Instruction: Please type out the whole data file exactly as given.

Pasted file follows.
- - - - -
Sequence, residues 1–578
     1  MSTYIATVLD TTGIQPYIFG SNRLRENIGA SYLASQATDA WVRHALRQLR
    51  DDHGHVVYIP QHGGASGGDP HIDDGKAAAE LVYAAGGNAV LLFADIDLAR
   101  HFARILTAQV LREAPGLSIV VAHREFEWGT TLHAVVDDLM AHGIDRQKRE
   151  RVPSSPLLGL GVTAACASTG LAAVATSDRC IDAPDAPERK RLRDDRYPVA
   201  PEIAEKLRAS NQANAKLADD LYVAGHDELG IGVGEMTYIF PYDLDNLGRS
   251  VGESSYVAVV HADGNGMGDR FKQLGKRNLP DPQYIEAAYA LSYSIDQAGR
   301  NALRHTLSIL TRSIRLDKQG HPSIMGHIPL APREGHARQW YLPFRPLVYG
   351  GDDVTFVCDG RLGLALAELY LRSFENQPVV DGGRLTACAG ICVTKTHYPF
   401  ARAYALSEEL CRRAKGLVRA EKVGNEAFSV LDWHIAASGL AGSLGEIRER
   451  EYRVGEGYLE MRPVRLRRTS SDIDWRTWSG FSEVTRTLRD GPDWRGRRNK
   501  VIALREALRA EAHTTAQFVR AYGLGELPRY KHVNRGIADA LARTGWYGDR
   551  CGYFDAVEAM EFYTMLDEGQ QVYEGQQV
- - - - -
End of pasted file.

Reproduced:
Sequence, residues 1–578
     1  MSTYIATVLD TTGIQPYIFG SNRLRENIGA SYLASQATDA WVRHALRQLR
    51  DDHGHVVYIP QHGGASGGDP HIDDGKAAAE LVYAAGGNAV LLFADIDLAR
   101  HFARILTAQV LREAPGLSIV VAHREFEWGT TLHAVVDDLM AHGIDRQKRE
   151  RVPSSPLLGL GVTAACASTG LAAVATSDRC IDAPDAPERK RLRDDRYPVA
   201  PEIAEKLRAS NQANAKLADD LYVAGHDELG IGVGEMTYIF PYDLDNLGRS
   251  VGESSYVAVV HADGNGMGDR FKQLGKRNLP DPQYIEAAYA LSYSIDQAGR
   301  NALRHTLSIL TRSIRLDKQG HPSIMGHIPL APREGHARQW YLPFRPLVYG
   351  GDDVTFVCDG RLGLALAELY LRSFENQPVV DGGRLTACAG ICVTKTHYPF
   401  ARAYALSEEL CRRAKGLVRA EKVGNEAFSV LDWHIAASGL AGSLGEIRER
   451  EYRVGEGYLE MRPVRLRRTS SDIDWRTWSG FSEVTRTLRD GPDWRGRRNK
   501  VIALREALRA EAHTTAQFVR AYGLGELPRY KHVNRGIADA LARTGWYGDR
   551  CGYFDAVEAM EFYTMLDEGQ QVYEGQQV